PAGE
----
I haven’t really taught such a broad range of ages and temperaments at the same time before. Apparently this has resulted in me spending every moment I’m not teaching, training to teach this motley crew.I’ve got a few issues in the teaching arena. One-not much of a fan of implementing rigid routines and silence in the classroom. They are effective but also sometimes creepy and Big-Brotheresque “GoodmorningOrlaHowareyouI’mfinethankshowareyou.”
But I think the main problem is I’d rather save my time and energy composing nice lesson plans for some of the classes I actually impart knowledge to.I do appreciate the observations, professional development, support meetings but living for the weekend can wear a girl out. It’s one short trip down to the well of baguette despair.
So when the weekend arrives. It arrives! We take the weekend seriously. Opportunities for entertainment are endless here. We are only a short trip away from lots of interesting places to visit. A few weeks ago I headed to Pamplona and this weekend I bussed it to Bilbao. Two places that I’d been warned were not so good. By a wide range of individuals. Both places I really liked for different reasons.
If you want older architecture, a relaxing day and colours, you should travel to Pamplona. It’s a bright and quiet city with some very pretty parks and a beautiful old part. If I could describe it in one line I would say that it is like someone planted a city in the middle of nowhere, sprayed it with vibrant blues and oranges and injected it with blood, invisible to the naked eye. The bullfighting tradition of Pamplona was not literally present when I visited but you could feel the rumble of bull hooves on cobblestone and its vigorous energy flowing through the streets.
I had a very sleepy day there, filled with food, drinks and coffee and rambles through the parks and streets. It’s a place you can go without plan or agenda and simply experience.
Bilbao on the other hand, is a place where it is probably best to have a vague outline of your day. Mainly because there’s a lot more to see but also because it’s a big city in comparison with Donostia or Pamplona. And with big cities come the highs and lows of urban living. Many people warned me before I went to Bilbao that it basically wasn’t that pretty. That seems to be the ultimate goal of today. I almost wanted to defend this city I hadn’t ever met from its tormentors. Hey Bilbao is the weird-looking kid who grew up cool.
Within two minutes of setting my feet down in Bilbao, I saw a man climbing into a dustbin to get food. Not the greatest poster to attract tourists but having lived in the affluent sanctuary of San Sebastian for the past three months, it was a refreshing kick back to earth. I started my time in Bilbao by getting lost almost on purpose while trying to enter the Guggenheim. Dying of exhaustion and spatially challenged, I had to take a break and grab a Café Solo from a café whose menu was entirely in Euskara. I believe that that is the first time I’ve seen this and while my Irish self inwardly rejoiced, outwardly I was confused and ordered awkwardly in hideous Spanish.
The Guggenheim I enjoyed immensely. Maybe this was because literally everyone had told me it was terrible. I’m fairly stubborn like that. My favourite pieces were probably on the ground floor. The third floor was closed so I’m not sure what I missed. I loved Installation for Bilbao by Jenny Holzer and the Alex Katz exhibition. It’s taken me awhile and several museums to embrace contemporary art but as I looked at an Alex Katz piece yesterday, I realised that one reason contemporary art draws us to it is that we project ourselves into the pieces. That’s what brings the pieces to life. That’s why I could see leaves moving in the wind and not splotches of green. Maybe this is a new level of hipster goals that I’ve finally reached.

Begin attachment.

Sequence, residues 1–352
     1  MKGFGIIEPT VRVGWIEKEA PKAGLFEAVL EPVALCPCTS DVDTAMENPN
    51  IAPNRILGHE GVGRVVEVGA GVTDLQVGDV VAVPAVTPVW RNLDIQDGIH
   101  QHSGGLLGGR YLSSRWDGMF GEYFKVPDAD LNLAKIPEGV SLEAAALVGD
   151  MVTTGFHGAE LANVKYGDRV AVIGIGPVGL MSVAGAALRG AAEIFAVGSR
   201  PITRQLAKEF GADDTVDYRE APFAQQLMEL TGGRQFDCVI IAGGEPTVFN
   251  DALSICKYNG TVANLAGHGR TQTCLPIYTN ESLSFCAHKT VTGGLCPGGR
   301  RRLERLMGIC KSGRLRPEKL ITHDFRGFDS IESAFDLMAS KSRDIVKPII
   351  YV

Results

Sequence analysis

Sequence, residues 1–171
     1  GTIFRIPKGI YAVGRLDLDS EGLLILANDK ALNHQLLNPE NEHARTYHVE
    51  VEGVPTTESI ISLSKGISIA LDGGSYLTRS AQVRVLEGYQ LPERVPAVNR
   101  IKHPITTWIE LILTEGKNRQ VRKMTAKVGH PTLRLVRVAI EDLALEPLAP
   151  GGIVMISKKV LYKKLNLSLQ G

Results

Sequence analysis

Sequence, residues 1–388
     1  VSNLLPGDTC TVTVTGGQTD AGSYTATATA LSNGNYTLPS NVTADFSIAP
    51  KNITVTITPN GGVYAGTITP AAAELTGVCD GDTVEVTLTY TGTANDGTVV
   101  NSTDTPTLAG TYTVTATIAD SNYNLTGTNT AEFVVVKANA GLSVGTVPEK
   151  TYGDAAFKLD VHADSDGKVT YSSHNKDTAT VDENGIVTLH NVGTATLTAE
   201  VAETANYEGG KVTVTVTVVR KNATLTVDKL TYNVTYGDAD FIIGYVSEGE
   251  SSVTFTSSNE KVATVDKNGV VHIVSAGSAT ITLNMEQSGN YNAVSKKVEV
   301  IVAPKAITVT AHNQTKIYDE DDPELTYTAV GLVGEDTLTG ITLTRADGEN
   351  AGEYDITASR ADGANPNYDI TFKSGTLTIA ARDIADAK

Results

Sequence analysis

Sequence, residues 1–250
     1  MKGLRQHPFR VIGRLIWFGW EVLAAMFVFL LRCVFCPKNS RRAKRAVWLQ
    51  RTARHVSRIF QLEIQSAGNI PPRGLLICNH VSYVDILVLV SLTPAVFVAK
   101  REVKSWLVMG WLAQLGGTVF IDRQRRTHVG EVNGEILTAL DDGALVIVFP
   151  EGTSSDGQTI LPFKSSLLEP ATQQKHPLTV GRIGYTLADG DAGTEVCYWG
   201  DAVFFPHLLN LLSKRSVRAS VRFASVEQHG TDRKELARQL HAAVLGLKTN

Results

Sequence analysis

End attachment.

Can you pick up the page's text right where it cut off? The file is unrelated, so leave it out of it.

So until I got lost on the way to the bus station, Bilbao was cool. I saw a lot of huge architecture, hipster cafés and finally found a Tiger shop in the old town. Christmas stamps and foam alphabets for all the kids! Unfortunately I got hopelessly lost with no cash on the way to catch my bus. It was a weird situation because I’ve visited many big cities, I genuinely live for cities and yet I was suddenly aware of threat for the first time in months and switched on a button which has been turned off for a long time. The results of turning on that button were not positive. A load dropped on my shoulders and I felt fear. I may have become a totally relaxed idiot in Donostia but there is something to be said for that security. It’s not something I’m used to but it’s something that has to be good for you. Not looking over your shoulder. Not hoping for the best but expecting the worst.
The rest of my weekend adventures, although generally depressingly PG, are not really worth a feature in this blog post. Maybe in the future I’ll share some of Party Street’s exploits or tales from the Dabadaba bathrooms. Just wait for the Invigilation Training session stories. Mindblowing stuff.
Other news- I’m progressing slightly in Spanish. I have a teacher who is simply made for my terrible attention span- Ignacio and I literally can’t think of a better way to spend Friday morning than learning about “Misadventures in Spanish- I cooked my housemate/I cooked for my housemate.” I’ve progressed so swiftly (reading Harry Potter in Spanish) that the woman who serves me a weekly lunch in Bideluze said that my ordering skills were “muy bueno” and “fuerza.” Insert blushface emoji here.
Short term goals: visit Biarritz or Bayonne, write another blog swiftly, speak more French and Spanish, read a goddamned book.